Working with and near technology for nearly 2 decades, I’ve watched the rise of open source technologies take hold and change the way just about everyone looks at building solutions. But I’m still probably too old fashioned to think of opening something like illness and disease to a community to design a response.

About three years ago, in the fall of 2012, Salvatore Iaconesi was diagnosed with brain cancer. He had a 2 x 3cm tumor on the surface of the right hemisphere of his brain, but he wasn’t satisfied with merely becoming “a patient,” or the one who waits. When the doctor told him the news, he didn’t just seek a second opinion – he asked for thousands of opinions. He posted his brain scans online and asked for people to help him find a cure.

What happened next was remarkable. Within a month, two hundred thousand people had responded – a group that then grew to over 500,000 people, and not just doctors and researchers.

“When you have cancer your life as a complex human is replaced with medical data,” and he continued, “You are reduced to numbers – blood pressure, heart beat, magnetic resonance…”

But Salvatore believed he was more than just his numbers and more than just his disease and wanted to find a cure that was not only medical, but also psychological, social and emotional. People have contributed thousands of images, poetry, and performances to his cure – even a sculpture that is based on 3-D images of his tumor.   He says,

I see a cure as a dynamic process, in which multiple doctors, professionals, artists, scientists and others join as a society — to converse, support each other, be open to various contributions and shape solutions that merge humanity, technology, technique, philosophy and art. Creativity and “normal life” become part of the process and bring “diseased” people back to life. To me, a true cure is complete, is human, and has dignity. And it never ends.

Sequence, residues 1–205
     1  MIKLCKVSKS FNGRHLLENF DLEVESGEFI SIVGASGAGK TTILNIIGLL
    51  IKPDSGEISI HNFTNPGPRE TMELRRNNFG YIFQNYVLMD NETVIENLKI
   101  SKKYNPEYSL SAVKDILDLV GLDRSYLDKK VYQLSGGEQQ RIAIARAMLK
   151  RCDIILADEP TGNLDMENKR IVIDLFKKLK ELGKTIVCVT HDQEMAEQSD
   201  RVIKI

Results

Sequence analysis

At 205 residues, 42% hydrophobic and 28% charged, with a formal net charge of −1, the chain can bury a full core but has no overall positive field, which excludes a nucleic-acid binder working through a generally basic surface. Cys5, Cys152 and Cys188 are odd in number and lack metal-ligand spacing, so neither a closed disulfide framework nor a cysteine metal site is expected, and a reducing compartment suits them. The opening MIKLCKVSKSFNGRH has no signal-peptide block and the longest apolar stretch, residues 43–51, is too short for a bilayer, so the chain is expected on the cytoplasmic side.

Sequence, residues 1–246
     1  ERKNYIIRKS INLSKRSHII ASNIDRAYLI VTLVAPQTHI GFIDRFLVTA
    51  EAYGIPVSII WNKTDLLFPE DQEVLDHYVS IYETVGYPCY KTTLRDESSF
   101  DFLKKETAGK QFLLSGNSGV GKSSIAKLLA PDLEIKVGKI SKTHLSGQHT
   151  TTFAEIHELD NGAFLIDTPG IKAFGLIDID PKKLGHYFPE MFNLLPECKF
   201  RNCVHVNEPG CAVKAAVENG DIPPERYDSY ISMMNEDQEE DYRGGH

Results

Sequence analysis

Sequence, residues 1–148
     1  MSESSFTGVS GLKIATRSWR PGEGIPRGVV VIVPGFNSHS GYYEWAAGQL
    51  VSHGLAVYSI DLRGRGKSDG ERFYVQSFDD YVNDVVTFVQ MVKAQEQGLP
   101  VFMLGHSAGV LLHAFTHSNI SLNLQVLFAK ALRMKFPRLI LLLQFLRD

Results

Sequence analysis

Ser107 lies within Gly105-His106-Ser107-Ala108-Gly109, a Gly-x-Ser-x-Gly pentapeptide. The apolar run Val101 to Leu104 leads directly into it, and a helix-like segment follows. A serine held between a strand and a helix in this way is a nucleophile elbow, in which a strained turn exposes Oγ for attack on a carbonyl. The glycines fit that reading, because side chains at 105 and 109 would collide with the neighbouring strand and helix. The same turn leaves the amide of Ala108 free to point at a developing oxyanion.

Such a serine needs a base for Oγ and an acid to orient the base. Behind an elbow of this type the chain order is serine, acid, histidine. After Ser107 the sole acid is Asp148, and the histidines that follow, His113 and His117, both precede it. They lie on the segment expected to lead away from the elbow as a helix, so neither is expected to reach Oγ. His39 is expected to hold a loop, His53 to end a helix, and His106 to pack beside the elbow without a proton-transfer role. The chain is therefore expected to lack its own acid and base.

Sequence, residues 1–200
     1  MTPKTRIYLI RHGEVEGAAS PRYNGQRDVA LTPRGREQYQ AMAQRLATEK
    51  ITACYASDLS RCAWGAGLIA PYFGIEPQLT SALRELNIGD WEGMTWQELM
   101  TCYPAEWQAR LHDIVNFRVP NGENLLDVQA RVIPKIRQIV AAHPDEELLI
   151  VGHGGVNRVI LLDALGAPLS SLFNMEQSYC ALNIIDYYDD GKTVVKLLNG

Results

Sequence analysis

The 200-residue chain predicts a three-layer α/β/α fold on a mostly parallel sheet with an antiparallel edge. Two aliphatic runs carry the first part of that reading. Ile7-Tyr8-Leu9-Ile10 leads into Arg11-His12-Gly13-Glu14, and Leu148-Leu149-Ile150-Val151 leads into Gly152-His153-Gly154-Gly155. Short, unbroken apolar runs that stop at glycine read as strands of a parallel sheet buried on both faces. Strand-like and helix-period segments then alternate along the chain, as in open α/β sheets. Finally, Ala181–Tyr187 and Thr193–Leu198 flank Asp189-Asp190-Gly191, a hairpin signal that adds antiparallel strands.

Salvatore had a successful surgery and his cancer was removed, but in crafting his cure he was also successful at building a large diverse community of hundreds of thousands around him.

What I love about this story is that there are so many things to take from it. He challenges us to be part of a community. He challenges us to not be satisfied in being a patient, medical or otherwise. But he also challenges us to see that data is more than numbers. Every day I deal with big sets of data; if you are reading this, it’s likely you do as well. Salvatore is also challenging us to remember that often what we see as data is really people. When we look at the half million people that contributed to his cure its easy to see how diverse they were: poets, punks artists, nutritionists, neuro-surgeons. So when we ourselves look at data, at the communities around our products, our brands, ourselves – we must also always remember that the data represent many of different types of people – men and women, young and old, urban and rural, poor and wealthy.

When we use a word like customers or users or followers or audience to lump people all together we can fool ourselves into thinking that the group is made up of just one type of person.

They aren’t all the same. The more we can understand that, the more we can find ways to contribute something meaningful to each of them.